Day 10: A Holiday (except for the shopping) (Part 2)

Back at the winery, I took the flowers and wrapped them around fronts of both my geldings’ stalls. Bright seemed pretty okay with it, but Evening snorted and gave me this affronted look. “I know, I know, you’re a boy,” I told him while I fed Bright and put his gear away. “But I’m a girl and I like flowers. You can deal with it for a couple of days.” He shook his head, but didn’t put up any more fuss.

Then, anyway. I have a feeling his half of the flowers will be eaten or dragged into his stall and trampled by morning.

Our chores at the winery were pretty simple, and then Judy told us that Felicity in Firgrove had sent her an e-mail that morning asking for a little help with a wolf problem at some point this morning. With a quick consult over the map, we decided we’d go back through Silverglade to Steve’s, then up to Valedale and to Firgrove. We could lunch at Fort Pinta and do our shopping there before we went to the mall.

I was a little exhausted thinking about all that browsing around. It was like a full day of spring or autumn shopping with Mummy, since I had managed to limit her to twice a year.

But I’d agreed to it once already, so there was no help for it. I got Evening tacked up and Savvy did the same for her Heart. While I trusted Evening, I wasn’t nearly as sure if people would be thrilled with us for leaving our horses standing, so I grabbed simple rope halters with attached leads out of the tack room that would easily fit both of them so we could tie them to hitching posts if someone got irritable. I offered the purple one to Savvy, not daring challenge Evening’s seeming masculinity further today since it also had bands of pink in it, which left him with the aqua one and blue one.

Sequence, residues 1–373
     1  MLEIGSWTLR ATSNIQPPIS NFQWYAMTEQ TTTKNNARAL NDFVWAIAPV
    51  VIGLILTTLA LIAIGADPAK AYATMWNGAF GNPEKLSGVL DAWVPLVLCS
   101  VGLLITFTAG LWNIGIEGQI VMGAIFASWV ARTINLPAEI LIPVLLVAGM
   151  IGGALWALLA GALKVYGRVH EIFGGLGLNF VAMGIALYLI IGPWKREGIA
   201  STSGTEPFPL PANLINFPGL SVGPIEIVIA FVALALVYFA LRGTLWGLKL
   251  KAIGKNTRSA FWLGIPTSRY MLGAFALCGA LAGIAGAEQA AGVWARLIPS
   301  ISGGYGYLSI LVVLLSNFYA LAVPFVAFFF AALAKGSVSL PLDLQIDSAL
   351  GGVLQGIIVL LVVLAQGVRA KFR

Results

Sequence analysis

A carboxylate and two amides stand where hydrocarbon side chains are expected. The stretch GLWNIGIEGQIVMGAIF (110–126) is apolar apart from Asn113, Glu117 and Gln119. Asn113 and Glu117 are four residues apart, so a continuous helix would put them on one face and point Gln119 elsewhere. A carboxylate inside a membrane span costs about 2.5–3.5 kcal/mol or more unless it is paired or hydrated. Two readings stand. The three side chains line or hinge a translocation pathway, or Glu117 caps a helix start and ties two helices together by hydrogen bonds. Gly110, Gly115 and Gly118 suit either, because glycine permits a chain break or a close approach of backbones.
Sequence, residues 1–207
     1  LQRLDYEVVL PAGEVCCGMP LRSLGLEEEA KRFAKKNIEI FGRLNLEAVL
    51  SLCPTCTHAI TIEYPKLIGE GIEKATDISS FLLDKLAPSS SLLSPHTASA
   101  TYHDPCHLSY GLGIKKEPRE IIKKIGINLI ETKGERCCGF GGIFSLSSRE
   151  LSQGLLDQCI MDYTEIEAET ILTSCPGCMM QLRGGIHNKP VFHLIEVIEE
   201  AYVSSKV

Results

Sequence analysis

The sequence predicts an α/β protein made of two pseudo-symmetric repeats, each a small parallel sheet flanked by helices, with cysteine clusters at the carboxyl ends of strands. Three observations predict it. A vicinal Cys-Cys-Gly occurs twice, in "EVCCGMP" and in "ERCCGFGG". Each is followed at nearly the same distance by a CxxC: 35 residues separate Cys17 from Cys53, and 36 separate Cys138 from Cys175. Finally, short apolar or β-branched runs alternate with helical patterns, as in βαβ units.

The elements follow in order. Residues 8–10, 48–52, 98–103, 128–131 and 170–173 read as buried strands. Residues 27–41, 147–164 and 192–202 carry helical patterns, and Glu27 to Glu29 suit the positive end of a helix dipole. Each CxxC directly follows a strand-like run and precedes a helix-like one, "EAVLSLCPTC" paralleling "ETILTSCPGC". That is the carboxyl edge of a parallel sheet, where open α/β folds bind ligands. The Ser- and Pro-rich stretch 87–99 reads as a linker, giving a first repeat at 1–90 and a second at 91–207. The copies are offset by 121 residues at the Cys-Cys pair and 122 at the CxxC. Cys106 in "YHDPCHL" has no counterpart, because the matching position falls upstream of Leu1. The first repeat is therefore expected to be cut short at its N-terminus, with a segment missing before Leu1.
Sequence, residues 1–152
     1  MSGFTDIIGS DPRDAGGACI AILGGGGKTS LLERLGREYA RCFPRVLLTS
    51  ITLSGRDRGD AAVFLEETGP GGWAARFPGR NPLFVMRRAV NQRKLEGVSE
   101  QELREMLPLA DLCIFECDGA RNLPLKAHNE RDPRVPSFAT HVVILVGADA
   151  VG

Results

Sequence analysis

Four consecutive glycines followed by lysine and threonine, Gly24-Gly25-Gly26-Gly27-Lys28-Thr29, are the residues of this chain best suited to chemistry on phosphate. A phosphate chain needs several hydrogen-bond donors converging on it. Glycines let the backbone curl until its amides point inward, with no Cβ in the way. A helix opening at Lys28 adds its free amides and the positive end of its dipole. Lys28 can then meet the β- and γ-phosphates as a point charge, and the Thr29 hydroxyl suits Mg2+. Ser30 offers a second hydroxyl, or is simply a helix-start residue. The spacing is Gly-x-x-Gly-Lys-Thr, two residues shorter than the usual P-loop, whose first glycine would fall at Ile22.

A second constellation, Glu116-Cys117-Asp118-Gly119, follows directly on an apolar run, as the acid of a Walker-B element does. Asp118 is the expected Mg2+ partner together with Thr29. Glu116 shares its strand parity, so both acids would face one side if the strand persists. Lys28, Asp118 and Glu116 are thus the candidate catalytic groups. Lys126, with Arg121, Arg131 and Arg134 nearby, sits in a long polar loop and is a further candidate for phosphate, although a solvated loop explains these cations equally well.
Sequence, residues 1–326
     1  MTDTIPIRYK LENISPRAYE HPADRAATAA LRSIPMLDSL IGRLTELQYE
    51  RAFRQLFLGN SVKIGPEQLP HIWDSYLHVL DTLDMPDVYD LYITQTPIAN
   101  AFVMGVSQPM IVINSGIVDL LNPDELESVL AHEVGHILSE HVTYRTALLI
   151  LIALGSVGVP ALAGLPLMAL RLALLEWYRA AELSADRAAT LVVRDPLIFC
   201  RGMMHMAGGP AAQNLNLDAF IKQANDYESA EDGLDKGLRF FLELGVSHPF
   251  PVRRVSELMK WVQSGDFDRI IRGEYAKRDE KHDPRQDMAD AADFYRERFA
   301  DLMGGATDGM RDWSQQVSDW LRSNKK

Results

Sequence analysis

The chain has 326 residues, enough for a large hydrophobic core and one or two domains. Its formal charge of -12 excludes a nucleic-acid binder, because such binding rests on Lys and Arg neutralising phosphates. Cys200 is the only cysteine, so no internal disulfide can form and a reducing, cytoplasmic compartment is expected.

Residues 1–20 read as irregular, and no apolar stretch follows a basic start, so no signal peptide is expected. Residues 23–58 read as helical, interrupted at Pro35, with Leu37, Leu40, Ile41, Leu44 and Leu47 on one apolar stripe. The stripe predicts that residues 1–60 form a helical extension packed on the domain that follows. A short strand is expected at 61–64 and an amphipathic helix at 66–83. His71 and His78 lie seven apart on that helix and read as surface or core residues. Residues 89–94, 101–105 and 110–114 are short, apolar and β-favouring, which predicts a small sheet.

On our way through Silverglade, I gave into temptation and asked Savvy to stop at the shop and salon tucked behind and across from the vet’s. The dressage set in the window was just too pretty. I think she was just glad that I had a place I wanted to go instead of just letting her decide where we went. I didn’t want to spend that much in Star Coin at once (and they were insistent on Star Coins only), so I settled for the gloves and the pants for now. Both were white, so while not the most practical for summer camp, I’d wear them somewhere. I think Savvy liked some of what she saw, but was willing to wait to spend it elsewhere. I can understand the idea, but I was willing to shell out the coins now rather than go bargain hunting.

Things were surprisingly calm on the way to Valedale, and I really got to appreciate how quiet Jorvik was, when we weren’t darting from one crisis to another. I didn’t remember there being anything I particularly wanted there, but I went and at least looked around. Maybe some other trip, but I just wanted bare essentials to get comfortably through a week instead of scrounging today. I did manage to wave at Elizabeth when we passed by! I was quite proud of myself over that.

At the lake, I took off my boots and stood in the shallow parts near the start while Savvy ran the race. The water helped make me feel better, as I imagined it carrying the emotional pains out with each lap against my ankles. Evening nudged me from behind, and I adjusted my stance so I could wrap my arm around his neck and scratch him under his ears. It was too soon when Savvy finished, but at least I had (to borrow a little from Jayne from Firefly), found at least a few scraps of my calm after my massive mood swing this morning.